Then I sign my name on the title pages of the other books, giving them all back to her when I’m done.
“Oh, thank you!” Mary stuffs them back into the bag. “Thank you so much! I’m so glad I was able to see you in person. You are so beautiful.”
“Thank you.” I try not to blush, still not used to compliments about my looks. “I…”
“Do you think we could take a selfie?” Mary starts going through the contents of her purse with her bag of books dangling off her arm.
Now, this I’ve gotten used to. “Yeah, sure.”
I go around the table, standing beside her. She puts the bag of books down on the floor so she can place one arm around me, her other arm holding her phone as she snaps a quick photo. Then she gives me a quick hug.
“I can’t wait to tell all my friends. Thank you.”
“Send my warm regards to all your friends,” I tell her. “And thank you. Take care.”
She picks up her bag and heads towards the exit, pausing in the doorway to glance back and give me a wave and one last huge smile before disappearing.
“Well, it looks like you’ve got another big fan,” Jo says.
“The biggest one yet,” I say, gathering my things quickly before someone else bursts through the door.
She helps me, grabbing my water bottle and my coat. “I can’t believe you’re such a celebrity now.”
“And whose fault is that, I wonder.”
Jo isn’t just my best friend. She’s also my book agent and publicist. In other words, she’s half the reason why I’m so successful right now.
She sighs. “I just wish some of them were male.”
“I do have some male fans.” I sling my laptop bag over my shoulder. “Only, they’re with their wives.”
“Well, those don’t count.” She gives another sigh as we leave the room. “If someone as hot, smart and successful as you can’t get a man, the rest of us don’t have much hope.”
“Hot?” I bunch up my eyebrows at her. “As for smart and successful, that may be the problem. Those aren’t exactly the things men look for in a woman, you know. Most men prefer women who think only of them, whose worlds revolve around them.”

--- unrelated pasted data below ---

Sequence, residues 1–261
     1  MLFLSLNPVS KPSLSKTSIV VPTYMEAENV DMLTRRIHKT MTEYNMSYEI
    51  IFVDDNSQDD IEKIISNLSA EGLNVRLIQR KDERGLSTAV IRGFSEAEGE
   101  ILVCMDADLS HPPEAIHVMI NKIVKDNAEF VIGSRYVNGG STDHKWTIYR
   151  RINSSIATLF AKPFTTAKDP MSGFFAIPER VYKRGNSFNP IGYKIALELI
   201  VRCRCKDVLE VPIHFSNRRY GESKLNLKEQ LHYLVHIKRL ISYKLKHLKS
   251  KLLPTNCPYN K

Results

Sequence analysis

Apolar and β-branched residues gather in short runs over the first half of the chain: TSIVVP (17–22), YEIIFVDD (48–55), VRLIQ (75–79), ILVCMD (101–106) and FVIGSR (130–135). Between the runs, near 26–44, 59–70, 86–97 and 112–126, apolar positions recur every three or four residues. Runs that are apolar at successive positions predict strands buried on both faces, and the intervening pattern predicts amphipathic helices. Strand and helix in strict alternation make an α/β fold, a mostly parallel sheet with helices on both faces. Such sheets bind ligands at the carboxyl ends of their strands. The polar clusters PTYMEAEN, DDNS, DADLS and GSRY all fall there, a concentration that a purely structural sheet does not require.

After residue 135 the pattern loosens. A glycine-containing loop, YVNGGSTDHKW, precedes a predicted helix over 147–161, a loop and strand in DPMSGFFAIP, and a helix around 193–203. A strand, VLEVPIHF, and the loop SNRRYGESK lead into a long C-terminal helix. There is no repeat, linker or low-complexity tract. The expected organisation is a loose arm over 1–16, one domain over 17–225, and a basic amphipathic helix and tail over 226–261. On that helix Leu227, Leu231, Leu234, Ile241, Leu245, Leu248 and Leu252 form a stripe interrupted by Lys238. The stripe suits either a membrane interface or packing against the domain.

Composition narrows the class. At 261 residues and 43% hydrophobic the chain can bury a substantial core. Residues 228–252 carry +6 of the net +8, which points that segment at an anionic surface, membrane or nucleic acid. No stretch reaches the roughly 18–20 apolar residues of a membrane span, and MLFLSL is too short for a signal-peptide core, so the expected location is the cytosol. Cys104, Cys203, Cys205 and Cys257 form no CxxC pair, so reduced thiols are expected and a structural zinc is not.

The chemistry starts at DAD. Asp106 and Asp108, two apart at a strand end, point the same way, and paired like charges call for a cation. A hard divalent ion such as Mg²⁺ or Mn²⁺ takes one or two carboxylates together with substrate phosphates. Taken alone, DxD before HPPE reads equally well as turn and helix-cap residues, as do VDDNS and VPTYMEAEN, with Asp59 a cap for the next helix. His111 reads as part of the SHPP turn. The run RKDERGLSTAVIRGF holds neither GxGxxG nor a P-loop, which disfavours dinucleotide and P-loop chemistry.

“Well, most men are jerks. But I’m sure there’s at least one man out there who can appreciate you.”
“Thanks, Jo, but I’m not that desperate.” I press the UP button on the elevator. “In fact, I’m not desperate at all.”
“And I’m not saying you are. I’m just saying you should look.”
“I am looking.”
I’m just not…hunting. I’m more of like a sit-and-wait person when it comes to romance, more like a kingfisher than a hawk. If someone comes along and decides to stay, then good. If not, I’m not giving chase. And I’m definitely not going to broadcast my availability or put myself out there like a piece of bait.
“Not hard enough.” Jo runs a hand through her short, brown hair that’s streaked with black – or is it black hair that’s streaked with brown? I’ve forgotten.
“Well, I’ve been busy.”
The elevator door opens and we step in.
“Then maybe when you’re done with that book signing in Minneapolis, you can set aside some time?” Jo suggests.
I don’t answer. I haven’t really decided on what I’m going to do once my time in the spotlight is over. I’ve thought about starting to write another book but I’m not sure if I’m ready for that. Travel? But it seems like I’ve been traveling so much lately. I’d rather take a break from the suitcases, plane rides and hotels. What then? Just coop myself up in my apartment in San Diego, watching TV in bed and ordering dinner? Sounds good, at least for a few days. I get bored easily, so I’m sure that I’ll get an itch to leave the house and do something. But what? As much as I’d love to take patients and see children again, I’m not really eager to get back to all that stressful work.